terkio wrote: ↑
Wed Feb 27, 2019 9:54 am
I think the various ways to inject servo correction do not make much difference in the case of a fixed gain preamp, it's only a matter of convenience.
In the case of variable gain, that is an all different story and this is an excellent paper showing the issues. http://www.thatcorp.com/datashts/AES919 ... ifiers.pdf
I looked at injection at the emitters. It works great to achieve servo action independant of gain
. This is why: A key point of the "Cohen topology" is that Ic is constant thanks to the op amps that enforce this to be. Vcb is constant too. The results are that Ie is constant, Ve is constant. So when injecting a current at the emitter, it can only flow into Rf the feedback resistance, regardless of the preamp gain. Furthermore, current injection is accurately done, simply with a resistor from the servo since Ve is at a constant voltage and near zero.
I checked with LTSpice, it does work as said. The current injection all flows into Rf with near no other effect in the preamp. The servo action does not depend of the preamp gain.
Wether one wants servo action independant of gain versus dependant of gain is another story. We have means to cleanly achieve one or the other.
I agree on all points.
Having fc fixed in a fixed gain preamp really doesn't help much since once you know gain you can move fc if you want to keep it constant.
If gain can be varied by 20 dB, and you're using servo fc as a first-order derived high-pass, then it might matter since the HP fc would move by a 10:1 ratio.
The derived first-order high-pass might be useful for simple warp reduction for instance.
This is a point that I've been wanting to make for a long time and it is a point the THAT paper makes in a different way:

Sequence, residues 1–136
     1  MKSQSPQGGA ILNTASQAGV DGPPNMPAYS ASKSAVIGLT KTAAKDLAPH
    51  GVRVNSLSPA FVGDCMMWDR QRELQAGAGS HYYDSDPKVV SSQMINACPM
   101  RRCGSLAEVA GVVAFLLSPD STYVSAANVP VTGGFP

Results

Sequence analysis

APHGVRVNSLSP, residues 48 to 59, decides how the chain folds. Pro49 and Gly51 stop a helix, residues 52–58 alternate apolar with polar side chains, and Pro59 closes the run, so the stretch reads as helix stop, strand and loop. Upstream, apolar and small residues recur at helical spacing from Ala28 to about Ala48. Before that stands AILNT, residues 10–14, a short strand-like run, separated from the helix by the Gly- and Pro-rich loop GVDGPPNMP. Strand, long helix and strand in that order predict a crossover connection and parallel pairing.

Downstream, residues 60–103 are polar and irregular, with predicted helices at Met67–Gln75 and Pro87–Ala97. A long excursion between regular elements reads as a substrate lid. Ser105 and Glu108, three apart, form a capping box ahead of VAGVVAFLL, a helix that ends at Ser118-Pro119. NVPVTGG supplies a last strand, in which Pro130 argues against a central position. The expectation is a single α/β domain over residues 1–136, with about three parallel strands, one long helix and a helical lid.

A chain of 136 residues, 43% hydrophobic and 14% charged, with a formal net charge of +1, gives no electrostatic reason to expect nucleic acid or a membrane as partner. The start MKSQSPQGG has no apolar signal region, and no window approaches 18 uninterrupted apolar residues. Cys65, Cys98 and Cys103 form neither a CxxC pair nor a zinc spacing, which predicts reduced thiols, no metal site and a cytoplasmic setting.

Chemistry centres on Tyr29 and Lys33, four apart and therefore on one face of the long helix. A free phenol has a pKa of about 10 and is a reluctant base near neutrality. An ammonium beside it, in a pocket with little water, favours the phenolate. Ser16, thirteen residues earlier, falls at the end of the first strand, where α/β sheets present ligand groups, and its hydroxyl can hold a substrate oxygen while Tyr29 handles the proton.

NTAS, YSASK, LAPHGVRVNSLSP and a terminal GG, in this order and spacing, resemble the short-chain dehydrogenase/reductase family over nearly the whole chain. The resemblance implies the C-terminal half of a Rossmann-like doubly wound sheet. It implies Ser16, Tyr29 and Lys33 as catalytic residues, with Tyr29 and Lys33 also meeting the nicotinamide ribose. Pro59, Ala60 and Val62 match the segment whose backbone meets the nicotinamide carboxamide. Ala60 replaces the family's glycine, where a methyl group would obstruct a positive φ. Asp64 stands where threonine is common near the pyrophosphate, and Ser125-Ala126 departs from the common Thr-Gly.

"A servo, which is a low-pass filter, produces a derived, subtracted, high-pass response."
This is why second-order servos peak and why inadvertent second-order servos illustrated in the THAT paper also peak.
An "analog" is the derived response of a second-order, uncorrected, elliptic equalizer. viewtopic.php?f=6&t=828
I've written an xls calculator based on Gary's half-circuit equations and have used them here and elsewhere.
Not sure I ever posted it.
Injection at the emitters is something I've tried and used with success.
For some applications, such as digital gain control, current flow back into the feedback resistors may be problematic.
What I did was split the emitter current sinks in this circuit.
I then applied a common mode correction signal and a differential one.
The bases of Q1A and Q1B can be considered summing nodes.
Splitting the base connections and summing a shared common mode correction into both bases along with differential correction allows both transistors to control input stage Ie. (4 resistors 2X/transistor base.)
The advantage of controlling Ie or Ic (Vc) over base correction is that low impedance at DC sources don't differentially shunt the base currents used for correction. (Think ribbon mic or MC phono pickup directly to bases.)
In the MC preamp correction of Vc or Ie are both viable options.
Since the op amps are supplying Ie we're not concerned about current in Rfa or Rfb.
Thanks for doing the sims.
I've "simulated" all three in 3D on the bench so its good to know sims do relate in some way to reality.